Jamal Crawford, Cole Aldrich have big nights in Clippers’ win at Utah

Jamal Crawford

Jamal Crawford/Photo courtesy of Los Angeles Clippers

Jamal Crawford scored 30 points, grabbed five rebounds and doled out four assists; Cole Aldrich scored 21, grabbed 18 rebounds and made five steals; and Paul Pierce scored 18 points as the Clippers won 102-99 in overtime Friday night at Utah.

The Clippers (51-28) did not have the services of Blake Griffin, Chris Paul, DeAndre Jordan and Wes Johnson – all rested. With Austin Rivers sidelined with an ankle injury, that left them with nine players, and they all played.

Pablo Prigioni joined Crawford, Aldrich, Pierce and Luc Mbah a Moute in the starting lineup and scored 13 points while doling out seven assists and grabbing seven rebounds.

Gordon Hayward led Utah (39-40) with 24 points. This loss hurts the Jazz because they are in the eighth and final playoff spot, just one game ahead of Houston (38-41).

As for the Clippers, they have clinched the No. 4 spot in the West and will stay there. They are waiting to see whether they will play Portland  or Memphis in the first round. The No. 5 Trail Blazers (43-37) moved a half-game ahead of the No. 6 Grizzlies (42-37) with the Grizzlies’ loss to the Dallas Mavericks on Friday.

Austin Rivers says comments in radio interview misconstrued

Austin Rivers

Austin Rivers/Photo courtesy of Los Angeles Clippers


The subject line in the email sent by Fox Sports Radio read, “Austin Rivers says the Clippers have moved the ball better without Blake Griffin.”

The younger Rivers, a backup guard, did an interview this week with the Steve Gorman Sports show. He was asked by Jeffrey Gorman, “… You guys are humming without the great Blake Griffin. How does he come back and everything is seamless?”

Rivers’ response was emailed to Clippers beat writers.

“You’ve got to understand, because we haven’t played with Blake, our ball movement has been a lot better,” Austin Rivers said, according to the transcript. “I think we learned a mutual thing that’s like, ‘All right, listen Blake, since you’ve been out, we’ve learned to move the ball better, so when you come back, we’re still going to play like that. But now we have you back, we’re still going to play through you at the same time.’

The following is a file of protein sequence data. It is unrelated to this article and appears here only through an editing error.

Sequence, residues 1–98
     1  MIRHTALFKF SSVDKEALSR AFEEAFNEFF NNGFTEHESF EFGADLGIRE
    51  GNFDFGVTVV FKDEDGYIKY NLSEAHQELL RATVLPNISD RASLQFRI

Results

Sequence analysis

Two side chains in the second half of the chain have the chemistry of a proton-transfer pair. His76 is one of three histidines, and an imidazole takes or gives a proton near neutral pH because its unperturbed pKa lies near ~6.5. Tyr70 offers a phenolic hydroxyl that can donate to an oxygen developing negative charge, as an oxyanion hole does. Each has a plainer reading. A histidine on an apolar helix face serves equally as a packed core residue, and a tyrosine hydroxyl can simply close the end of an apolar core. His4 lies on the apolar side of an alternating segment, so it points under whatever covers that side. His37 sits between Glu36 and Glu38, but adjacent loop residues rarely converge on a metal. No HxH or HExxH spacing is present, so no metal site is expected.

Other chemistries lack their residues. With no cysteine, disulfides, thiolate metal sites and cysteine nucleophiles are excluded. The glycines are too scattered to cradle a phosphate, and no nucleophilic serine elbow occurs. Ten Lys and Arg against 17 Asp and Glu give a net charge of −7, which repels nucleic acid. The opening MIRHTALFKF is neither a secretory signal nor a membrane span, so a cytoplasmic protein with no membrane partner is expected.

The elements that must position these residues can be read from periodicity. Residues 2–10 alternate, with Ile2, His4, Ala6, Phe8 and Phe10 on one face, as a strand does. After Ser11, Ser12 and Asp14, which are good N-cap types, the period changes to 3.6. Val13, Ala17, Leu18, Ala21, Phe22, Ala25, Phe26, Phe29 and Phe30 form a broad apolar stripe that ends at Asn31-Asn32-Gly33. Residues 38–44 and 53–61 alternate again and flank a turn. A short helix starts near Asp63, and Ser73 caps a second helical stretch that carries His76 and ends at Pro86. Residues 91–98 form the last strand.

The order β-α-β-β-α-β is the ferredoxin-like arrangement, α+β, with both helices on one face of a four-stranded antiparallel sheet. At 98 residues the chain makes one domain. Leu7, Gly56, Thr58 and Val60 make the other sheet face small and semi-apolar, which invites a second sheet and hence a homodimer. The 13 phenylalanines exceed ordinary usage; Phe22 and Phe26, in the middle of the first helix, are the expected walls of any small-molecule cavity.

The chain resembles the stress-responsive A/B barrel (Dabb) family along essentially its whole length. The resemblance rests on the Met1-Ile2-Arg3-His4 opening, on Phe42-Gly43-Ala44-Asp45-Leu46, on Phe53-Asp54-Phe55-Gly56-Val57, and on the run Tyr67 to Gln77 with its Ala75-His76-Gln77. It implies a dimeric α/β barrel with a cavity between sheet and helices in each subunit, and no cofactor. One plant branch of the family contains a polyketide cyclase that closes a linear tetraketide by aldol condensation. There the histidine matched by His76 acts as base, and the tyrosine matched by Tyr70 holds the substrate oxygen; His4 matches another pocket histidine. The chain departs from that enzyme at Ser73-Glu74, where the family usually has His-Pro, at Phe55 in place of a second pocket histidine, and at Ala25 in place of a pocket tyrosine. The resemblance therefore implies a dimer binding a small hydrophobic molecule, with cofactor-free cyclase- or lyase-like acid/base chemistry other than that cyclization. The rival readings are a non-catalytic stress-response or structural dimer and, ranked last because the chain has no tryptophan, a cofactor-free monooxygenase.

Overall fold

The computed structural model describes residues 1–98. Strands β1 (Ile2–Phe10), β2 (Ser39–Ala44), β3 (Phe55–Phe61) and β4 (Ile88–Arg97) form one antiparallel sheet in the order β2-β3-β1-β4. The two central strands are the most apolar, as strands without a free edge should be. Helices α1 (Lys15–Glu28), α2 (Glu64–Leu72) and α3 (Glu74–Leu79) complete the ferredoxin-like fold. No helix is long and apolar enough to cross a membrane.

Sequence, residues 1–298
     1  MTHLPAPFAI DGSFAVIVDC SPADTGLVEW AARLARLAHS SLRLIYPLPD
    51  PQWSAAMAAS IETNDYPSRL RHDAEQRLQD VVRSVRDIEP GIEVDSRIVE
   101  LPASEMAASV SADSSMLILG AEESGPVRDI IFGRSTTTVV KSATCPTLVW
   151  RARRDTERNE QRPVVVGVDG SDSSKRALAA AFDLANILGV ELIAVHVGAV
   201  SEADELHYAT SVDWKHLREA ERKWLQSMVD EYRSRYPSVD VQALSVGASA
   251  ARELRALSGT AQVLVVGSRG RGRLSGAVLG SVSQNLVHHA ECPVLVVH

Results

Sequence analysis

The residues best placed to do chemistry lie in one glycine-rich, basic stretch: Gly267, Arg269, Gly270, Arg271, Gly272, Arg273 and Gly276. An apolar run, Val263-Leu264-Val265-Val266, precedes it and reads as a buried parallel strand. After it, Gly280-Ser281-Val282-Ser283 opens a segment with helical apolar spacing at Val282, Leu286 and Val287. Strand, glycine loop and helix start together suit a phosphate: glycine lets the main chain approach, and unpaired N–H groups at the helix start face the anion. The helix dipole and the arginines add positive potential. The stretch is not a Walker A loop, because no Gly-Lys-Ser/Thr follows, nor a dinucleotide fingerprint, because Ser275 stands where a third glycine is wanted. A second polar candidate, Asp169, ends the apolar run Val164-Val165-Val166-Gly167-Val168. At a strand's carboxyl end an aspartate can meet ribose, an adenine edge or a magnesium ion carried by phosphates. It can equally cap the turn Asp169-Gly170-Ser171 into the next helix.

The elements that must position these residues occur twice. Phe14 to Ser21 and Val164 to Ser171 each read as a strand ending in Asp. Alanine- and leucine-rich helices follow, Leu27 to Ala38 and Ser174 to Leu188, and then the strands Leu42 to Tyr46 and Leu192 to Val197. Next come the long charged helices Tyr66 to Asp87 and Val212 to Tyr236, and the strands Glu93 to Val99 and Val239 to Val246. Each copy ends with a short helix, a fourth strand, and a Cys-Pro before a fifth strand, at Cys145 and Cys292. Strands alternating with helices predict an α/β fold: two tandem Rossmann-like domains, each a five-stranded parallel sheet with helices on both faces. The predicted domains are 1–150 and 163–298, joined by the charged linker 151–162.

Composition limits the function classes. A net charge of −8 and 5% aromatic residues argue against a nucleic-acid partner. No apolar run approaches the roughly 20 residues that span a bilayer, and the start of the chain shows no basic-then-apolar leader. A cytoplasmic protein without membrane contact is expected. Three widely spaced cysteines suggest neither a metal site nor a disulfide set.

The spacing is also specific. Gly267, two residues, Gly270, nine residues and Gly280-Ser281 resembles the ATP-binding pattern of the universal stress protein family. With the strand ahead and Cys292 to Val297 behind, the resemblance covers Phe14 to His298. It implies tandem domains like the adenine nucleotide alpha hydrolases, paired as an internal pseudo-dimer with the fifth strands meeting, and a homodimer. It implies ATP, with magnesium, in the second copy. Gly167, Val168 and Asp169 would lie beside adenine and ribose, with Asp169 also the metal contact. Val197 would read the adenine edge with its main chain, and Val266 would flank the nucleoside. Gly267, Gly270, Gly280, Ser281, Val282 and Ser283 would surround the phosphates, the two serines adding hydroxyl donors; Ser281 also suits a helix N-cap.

“So I think we’ve both have learned things. There’s times when it’s obvious we need Blake, so I think it’s a learning experience for both of us. There’s no way we could be worse with Blake Griffin back on our team. It’s not possible. He’s one of the best players in the NBA, so we can’t wait to have him back.”

Rivers was rather stunned to find out that the station thought his comments controversial enough to send them out. He told reporters prior to Saturday’s game against the visiting Atlanta Hawks what he was trying to convey.

“I meant to say, like, we  have to move the ball better without Blake,” he said. “I mean, it’s like, common (sense). I thought people would be smart enough to know what that means. Blake’s not playing, obviously we have to move the ball. I said that in that interview as well, that we’re a better team with Blake. Without Blake, we have to move the ball better.”

Rivers offered an analogy.

“It’s like if Cleveland played without LeBron (James), they’d have to figure out a way to move the ball because their best player is not playing,” he said. “It’s common sense.”

Austin’s father, Clippers coach Doc Rivers, suggested that what his son said was misconstrued.

“No, I don’t think he meant to say that, the way that sounds,” Doc Rivers said. “The ball movement has been better, but the ball movement started moving right before Blake left. … Probably about two or three weeks before Blake got injured, our ball movement changed.

“Really, the second unit’s ball movement changed as well when we started playing Cole (Aldrich) and Pablo (Prigioni) as well. Our ball movement won’t change at all (upon Griffin’s return). I think, if anything, it may increase.”

Griffin (quad tendon, fractured hand) has not played since Dec. 25. He could be back around the middle of this month, or shortly thereafter.

Five things to take from Clippers’ 87-81 loss to the Nuggets

Clippers guard Chris Paul, left, reaches in for the ball against Denver Nuggets guard Emmanuel Mudiay on Wednesday night at Staples Center. (AP Photo/Alex Gallardo)

Chris Paul guards Emmanuel Mudiay of Denver during the Nuggets’ stunning 87-81 victory over the Clippers on Wednesday at Staples Center/AP photo by Alex Gallardo


– The Clippers shot 28.3 percent from 3-point range. That was not good. The worst part of it is that they took 46 3-point shots. That was more than half of the 85 shots taken overall by the Clippers, and a franchise high. Tough to win like that. Tough to score like that. Just think, the Clippers average 104.8 points on offense – seventh in the league. They scored 81 in this one. Bottom line is, losing to a team that is now just 23-35 on your home court is a bad loss for the Clippers (37-20), who are battling for position in the playoffs with just 25 regular-season games left. The Clippers are currently fourth in the West. They’d like to get to third so they wouldn’t have to face Golden State in the second round.

– Speaking of those long shots, Doc Rivers said he had the right guys shooting the 3s. They just didn’t fall, he said. J.J. Redick and Jamal Crawford shot 6 of 12 and 3 of 7, respectively. Redick is shooting a league-best 48.1 percent from beyond the arc, but Crawford is shooting just 32.5 percent. Chris Paul was 3 of 8 and he’s shooting a very respectable 38.2 percent from distance. Wesley Johnson, however, was 1 of 7 and he’s one of the last ones who should continue shooting the bombs on an off night as he is shooting only 33.6 percent from 3-point range. Pablo Prigioni was 0 of 4 and Jeff Green and Paul Pierce were both 0 of 3 and Luc Mbah a Moute coming in at 0 of 2.